The landscape of popular music has shifted over the years, from records and CDs to digital downloads and now the latest incarnation that’s taking hold fast: streaming services like Spotify, Pandora, iHeartRadio, Beats Music (just acquired by Apple) and Sony Music.
Now comes a high-profile break-up between Taylor Swift (her record company) and Spotify, just as the mega star is projected to shatter this year’s first-week sales record.
Big Machine Label Group has pulled the star’s catalog from Spotify, prompting the streaming service to take the unusual and somewhat humbling move of appealing to her heart in a blog post titled, “On Taylor Swift’s Decision To Remove Her Music from Spotify.”
Writes Spotify: “We love Taylor Swift, and our more than 40 million users love her even more – nearly 16 million of them have played her songs in the last 30 days, and she’s on over 19 million playlists… We hope she’ll change her mind and join us in building a new music economy that works for everyone.”
The New Music Economy
That new economy for music consumers has to do with the surging popularity of music streaming, versus the flagging sales in digital downloads for the artists and the labels.
This past summer, Nielsen’s U.S. report on the first half of 2014 found that digital music consumption is moving very quickly from downloads to streaming. On-demand streaming was up 42 percent over the first half of 2013, racking up 70 billion play in the first half of 2014.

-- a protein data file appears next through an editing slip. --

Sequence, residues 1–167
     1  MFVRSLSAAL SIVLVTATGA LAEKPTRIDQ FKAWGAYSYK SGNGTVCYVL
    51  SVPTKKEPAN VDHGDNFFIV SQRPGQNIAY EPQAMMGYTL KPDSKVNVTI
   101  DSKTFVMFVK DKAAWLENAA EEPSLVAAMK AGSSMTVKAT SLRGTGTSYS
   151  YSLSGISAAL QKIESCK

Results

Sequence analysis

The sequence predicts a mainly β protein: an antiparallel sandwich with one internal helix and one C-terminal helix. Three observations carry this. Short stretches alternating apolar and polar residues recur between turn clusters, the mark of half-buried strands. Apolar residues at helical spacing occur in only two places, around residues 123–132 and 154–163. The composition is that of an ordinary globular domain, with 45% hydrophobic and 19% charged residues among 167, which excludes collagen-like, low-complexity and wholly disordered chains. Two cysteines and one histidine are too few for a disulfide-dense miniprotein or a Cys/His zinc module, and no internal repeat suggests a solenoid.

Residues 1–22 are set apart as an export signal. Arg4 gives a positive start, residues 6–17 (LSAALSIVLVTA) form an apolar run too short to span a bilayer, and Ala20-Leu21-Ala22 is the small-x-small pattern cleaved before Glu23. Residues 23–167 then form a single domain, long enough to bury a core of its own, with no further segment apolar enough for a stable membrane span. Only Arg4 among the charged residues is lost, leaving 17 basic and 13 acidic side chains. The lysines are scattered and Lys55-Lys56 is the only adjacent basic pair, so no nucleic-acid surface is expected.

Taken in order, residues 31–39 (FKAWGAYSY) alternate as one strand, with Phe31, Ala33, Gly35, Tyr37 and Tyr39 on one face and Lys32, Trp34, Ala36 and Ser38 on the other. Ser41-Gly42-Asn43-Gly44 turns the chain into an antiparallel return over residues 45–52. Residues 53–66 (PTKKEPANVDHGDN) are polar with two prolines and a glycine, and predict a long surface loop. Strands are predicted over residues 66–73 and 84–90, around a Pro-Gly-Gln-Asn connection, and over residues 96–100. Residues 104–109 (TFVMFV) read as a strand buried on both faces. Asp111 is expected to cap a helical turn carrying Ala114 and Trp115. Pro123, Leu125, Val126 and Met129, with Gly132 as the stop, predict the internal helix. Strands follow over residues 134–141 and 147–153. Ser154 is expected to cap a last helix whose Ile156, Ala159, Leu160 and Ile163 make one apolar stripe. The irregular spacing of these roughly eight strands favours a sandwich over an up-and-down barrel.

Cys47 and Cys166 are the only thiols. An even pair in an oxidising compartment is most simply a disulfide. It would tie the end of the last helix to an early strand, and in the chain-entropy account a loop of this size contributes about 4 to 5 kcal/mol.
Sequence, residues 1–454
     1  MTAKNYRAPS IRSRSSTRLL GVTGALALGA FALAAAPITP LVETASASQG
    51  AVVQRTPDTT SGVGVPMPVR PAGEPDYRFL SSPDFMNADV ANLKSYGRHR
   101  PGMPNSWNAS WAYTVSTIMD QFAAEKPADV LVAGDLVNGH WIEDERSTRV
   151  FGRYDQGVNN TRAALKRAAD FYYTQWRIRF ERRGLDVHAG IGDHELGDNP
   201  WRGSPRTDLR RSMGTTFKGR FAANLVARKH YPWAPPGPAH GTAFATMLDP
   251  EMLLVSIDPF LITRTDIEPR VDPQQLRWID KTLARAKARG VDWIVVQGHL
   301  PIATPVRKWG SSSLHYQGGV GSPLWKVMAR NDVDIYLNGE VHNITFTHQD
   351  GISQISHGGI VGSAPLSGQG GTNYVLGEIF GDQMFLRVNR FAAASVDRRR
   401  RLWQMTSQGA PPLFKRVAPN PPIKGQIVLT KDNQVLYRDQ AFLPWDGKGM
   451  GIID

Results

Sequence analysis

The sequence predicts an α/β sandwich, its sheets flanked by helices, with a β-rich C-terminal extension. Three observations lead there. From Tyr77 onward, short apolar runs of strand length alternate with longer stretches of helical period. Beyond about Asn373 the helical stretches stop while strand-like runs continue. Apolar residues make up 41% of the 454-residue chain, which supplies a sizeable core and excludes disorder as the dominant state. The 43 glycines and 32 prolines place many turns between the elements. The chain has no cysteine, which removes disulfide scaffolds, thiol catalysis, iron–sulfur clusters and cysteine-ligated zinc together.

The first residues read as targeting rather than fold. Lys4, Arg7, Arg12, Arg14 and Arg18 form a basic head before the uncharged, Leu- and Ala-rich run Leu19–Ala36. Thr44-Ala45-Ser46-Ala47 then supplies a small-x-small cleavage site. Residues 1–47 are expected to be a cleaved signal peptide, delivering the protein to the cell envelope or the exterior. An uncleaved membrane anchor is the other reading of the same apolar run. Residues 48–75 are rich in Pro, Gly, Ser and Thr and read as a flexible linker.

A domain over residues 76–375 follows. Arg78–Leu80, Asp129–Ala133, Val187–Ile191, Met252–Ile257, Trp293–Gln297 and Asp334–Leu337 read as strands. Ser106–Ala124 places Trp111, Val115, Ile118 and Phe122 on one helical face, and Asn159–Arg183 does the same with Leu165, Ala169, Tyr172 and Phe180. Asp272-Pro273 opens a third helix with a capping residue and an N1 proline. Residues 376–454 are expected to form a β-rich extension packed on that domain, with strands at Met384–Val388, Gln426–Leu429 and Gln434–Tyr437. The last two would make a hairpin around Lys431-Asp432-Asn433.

Meanwhile, digital track sales fell 13 percent to 593.6 million and album sales fell 11.6 percent to 53.8 million.
Why is Taylor Swift/Big Machine pulling out of Spotify? Media reports are saying that Scott Borchetta, CEO and president of the Big Machine Label Group wants to sell the record company.
BusinessInsider reports that a source says Borchetta believes pulling Swift’s music off Spotify will create “scarcity” online, and fuel higher sales in CDs and paid downloads.
The amount of money at stake is startling. Swift’s new record reportedly could sell 1.3 million copies during its opening weekend, which would be the biggest for any album since 2002.
That’s 12 years ago, and a year before the iTunes music store even existed. At $10 an album download, that’s $13 million in revenue in one week.